Public purse shows record £9.5bn deficit

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The Independent Online

The public finances last month plunged to a record deficit for a December as the Government began to dip into its overflowing coffers ahead of a likely election.

The public finances last month plunged to a record deficit for a December as the Government began to dip into its overflowing coffers ahead of a likely election.

The UK posted a deficit of £9.5bn, worse than City forecasts, thanks to higher spending, falling tax revenues and a rise in interest debt repayments. But despite this, there was a surplus of £23.5bn for the first nine months of the financial year. This is down from £33bn in the previous month but still a record for a December.

Analysts said Gordon Brown, the Chancellor, was on track to overshoot his targets, leaving him room to cut taxes in the March budget.

Public sector net borrowing, the Treasury's preferred measure that irons out one-off payments such as mobile phone auction receipts, also rose to £2.7bn from £2.6bn. So far this fiscal year it is running a surplus of £4.1bn. Analysts said the government's forecast for a full year surplus of £10.1bn looked cautious.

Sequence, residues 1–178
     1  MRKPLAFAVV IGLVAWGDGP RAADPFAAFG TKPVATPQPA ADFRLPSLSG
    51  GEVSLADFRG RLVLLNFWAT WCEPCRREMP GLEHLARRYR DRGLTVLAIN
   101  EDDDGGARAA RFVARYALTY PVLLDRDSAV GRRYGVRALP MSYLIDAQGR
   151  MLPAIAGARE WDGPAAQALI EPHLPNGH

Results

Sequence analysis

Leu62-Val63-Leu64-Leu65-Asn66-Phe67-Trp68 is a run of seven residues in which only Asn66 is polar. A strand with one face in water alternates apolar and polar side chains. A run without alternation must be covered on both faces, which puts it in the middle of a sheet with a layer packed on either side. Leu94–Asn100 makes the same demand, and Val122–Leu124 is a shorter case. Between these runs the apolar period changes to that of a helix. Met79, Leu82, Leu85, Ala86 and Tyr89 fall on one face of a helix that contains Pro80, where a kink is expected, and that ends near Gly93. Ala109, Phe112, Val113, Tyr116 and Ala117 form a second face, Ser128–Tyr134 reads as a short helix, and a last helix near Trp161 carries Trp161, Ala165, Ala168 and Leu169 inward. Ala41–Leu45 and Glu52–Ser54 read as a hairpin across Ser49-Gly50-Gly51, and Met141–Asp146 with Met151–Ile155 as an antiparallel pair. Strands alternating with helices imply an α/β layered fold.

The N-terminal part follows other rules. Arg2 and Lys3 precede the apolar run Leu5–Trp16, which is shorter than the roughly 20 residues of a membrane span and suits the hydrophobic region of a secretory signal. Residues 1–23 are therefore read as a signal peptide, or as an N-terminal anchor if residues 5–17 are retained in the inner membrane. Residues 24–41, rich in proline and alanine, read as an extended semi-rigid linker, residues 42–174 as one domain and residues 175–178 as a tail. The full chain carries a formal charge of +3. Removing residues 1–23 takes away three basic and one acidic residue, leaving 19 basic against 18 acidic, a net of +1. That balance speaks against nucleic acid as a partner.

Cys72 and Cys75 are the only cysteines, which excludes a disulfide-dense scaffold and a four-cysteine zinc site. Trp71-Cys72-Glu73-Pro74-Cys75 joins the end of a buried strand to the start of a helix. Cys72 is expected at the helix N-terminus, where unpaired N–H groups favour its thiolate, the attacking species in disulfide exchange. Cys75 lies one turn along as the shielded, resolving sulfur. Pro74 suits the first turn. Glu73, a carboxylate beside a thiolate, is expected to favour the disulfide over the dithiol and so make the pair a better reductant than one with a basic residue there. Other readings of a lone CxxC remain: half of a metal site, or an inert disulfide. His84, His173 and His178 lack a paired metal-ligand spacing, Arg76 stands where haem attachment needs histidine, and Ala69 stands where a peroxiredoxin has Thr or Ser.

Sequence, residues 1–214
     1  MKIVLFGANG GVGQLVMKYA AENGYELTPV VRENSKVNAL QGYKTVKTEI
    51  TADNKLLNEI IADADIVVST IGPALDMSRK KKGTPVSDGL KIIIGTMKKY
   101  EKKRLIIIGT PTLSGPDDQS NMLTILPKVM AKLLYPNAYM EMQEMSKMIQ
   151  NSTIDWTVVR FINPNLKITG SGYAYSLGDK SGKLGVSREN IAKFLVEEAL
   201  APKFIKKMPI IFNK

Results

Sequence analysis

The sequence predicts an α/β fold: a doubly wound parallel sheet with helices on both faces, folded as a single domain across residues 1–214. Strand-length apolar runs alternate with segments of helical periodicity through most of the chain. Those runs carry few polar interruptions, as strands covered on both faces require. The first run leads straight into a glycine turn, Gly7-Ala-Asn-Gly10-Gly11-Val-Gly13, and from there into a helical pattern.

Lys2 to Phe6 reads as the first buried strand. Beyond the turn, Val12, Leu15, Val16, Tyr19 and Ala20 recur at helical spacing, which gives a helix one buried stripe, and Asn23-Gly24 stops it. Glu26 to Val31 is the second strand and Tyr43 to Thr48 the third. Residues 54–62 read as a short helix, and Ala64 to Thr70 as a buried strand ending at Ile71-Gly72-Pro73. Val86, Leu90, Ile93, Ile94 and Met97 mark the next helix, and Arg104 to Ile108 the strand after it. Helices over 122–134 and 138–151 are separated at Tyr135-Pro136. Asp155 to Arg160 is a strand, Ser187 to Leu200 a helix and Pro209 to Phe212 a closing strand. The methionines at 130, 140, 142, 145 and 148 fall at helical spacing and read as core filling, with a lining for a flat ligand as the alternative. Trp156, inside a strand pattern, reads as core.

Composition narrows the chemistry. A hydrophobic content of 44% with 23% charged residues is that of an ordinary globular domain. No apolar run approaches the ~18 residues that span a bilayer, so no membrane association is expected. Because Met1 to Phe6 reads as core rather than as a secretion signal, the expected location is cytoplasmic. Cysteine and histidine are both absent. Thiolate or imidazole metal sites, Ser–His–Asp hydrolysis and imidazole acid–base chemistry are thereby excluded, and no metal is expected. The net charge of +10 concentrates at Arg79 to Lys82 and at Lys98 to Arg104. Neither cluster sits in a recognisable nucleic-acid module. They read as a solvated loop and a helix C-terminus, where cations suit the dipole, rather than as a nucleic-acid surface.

Ross Walker, an economist at Royal Bank of Scotland, forecast a surplus of £18bn for the full year. "There remains ample scope for pre-election tax cuts," he said.

The Treasury said the figures were close to expectations, adding that it had forecast spending would rise and tax revenues would weaken towards the end of the year.

The detailed breakdown showed that spending by government departments is starting to pick up. Spending also rose 5 per cent between December and November. But this was still well below the 8 per cent growth that the Government had planned for. Adam Law, at Barclays Capital said this would have little impact on interest rates. "It would be fallacious and dangerous to suggest there is anything to get excited about," he said.

The arguments for an interest rate cut were boosted by a slowdown in both mortgage lending and personal borrowing from the major UK banks last month.

Homebuyers borrowed £1.67bn in December, compared with £1.97bn in the previous month, the British Bankers Association said.

The rise in credit card spending, at £154m, was the smallest since April 1999 and was especially small for a Christmas trading period.

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